Job market slack keeps lid on wages

Year-on-year wages growth has remained flat at 2.3 per cent for consecutive quarters, firming up the Reserve Bank’s view that job market slack is limiting upward pressure on wages.

Wages growth for the year to June 30 remained stagnant despite total hourly rates of pay, excluding bonuses, beating expectations with a 0.6 per cent rise during the quarter.

The quarterly increase was fuelled by a 0.8 per cent rise in public sector wages, namely in the healthcare and social assistance industry, where a number of large increases were recorded in Victoria under a plan to ensure wage parity with other states.

Private sector wages rose by 0.5 per cent during the quarter, according to Wednesday’s seasonally adjusted figures from the Australian Bureau of Statistics.

The year-on-year wage price index growth, while in line with predictions for June, has remained in a range of 2.3 per cent to 2.4 per cent since the September quarter of 2018 – well below RBA governor Philip Lowe’s target of “three point something”.

Wage stagnation was a key reason the RBA delivered dual interest rate cuts in June and July to a record low 1.0 per cent, in a bid to free up spending and create more competition for jobs.

Economists said it was clear that spare labour market capacity had continued to limit growth.

“(It) largely confirms the RBA’s view that spare capacity is limiting upward pressure on wages and the economy needs to generate more jobs to absorb the extra workers,” BIS Oxford Economics’ Sarah Hunter said.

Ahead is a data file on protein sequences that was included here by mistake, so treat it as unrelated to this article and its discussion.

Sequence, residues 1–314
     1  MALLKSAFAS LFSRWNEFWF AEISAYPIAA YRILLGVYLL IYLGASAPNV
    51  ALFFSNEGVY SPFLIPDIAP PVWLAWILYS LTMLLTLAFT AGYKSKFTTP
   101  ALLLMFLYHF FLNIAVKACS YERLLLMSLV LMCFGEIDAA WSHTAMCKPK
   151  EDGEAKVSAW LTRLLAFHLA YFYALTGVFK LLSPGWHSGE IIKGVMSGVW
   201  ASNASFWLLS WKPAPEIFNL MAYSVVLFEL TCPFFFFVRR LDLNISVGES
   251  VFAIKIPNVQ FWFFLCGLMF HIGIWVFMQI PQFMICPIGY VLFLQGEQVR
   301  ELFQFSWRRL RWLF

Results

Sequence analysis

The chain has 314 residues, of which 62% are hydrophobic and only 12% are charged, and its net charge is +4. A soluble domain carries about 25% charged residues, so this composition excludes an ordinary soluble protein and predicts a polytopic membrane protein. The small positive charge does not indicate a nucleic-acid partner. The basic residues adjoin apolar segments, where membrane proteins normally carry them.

Dr Hunter said the June quarter wages result firmed up expectations the cash rate would be cut to a record low 0.75 per cent by the end of the year, and possibly cut again in early 2020.

July jobs data on Thursday could further increase the pressure to cut, with economists expecting a slight uptick in unemployment to 5.3 per cent.

Callam Pickering, APAC economist at jobs site Indeed, said the underutilisation rate needed to ease towards 12 per cent from its current level of 13.5 per cent before RBA’s target wage growth could be achieved.

“That won’t happen overnight nor is it likely within the next year,” Mr Pickering said.

In original terms, annual wages growth to the June quarter 2019 by industry ranged from 1.7 per cent for wholesale trade to 3.3 per cent for healthcare and social assistance.

Western Australia recorded the lowest annual wage growth of 1.6 per cent while Victoria recorded the highest of 2.9 per cent.

The Australian dollar edged lower after the figures were released, dropping from 68.03 US cents to 67.88 US cents by 1150 AEST.

Weaker than expected retail and industrial data out of China weighed the dollar down even further.


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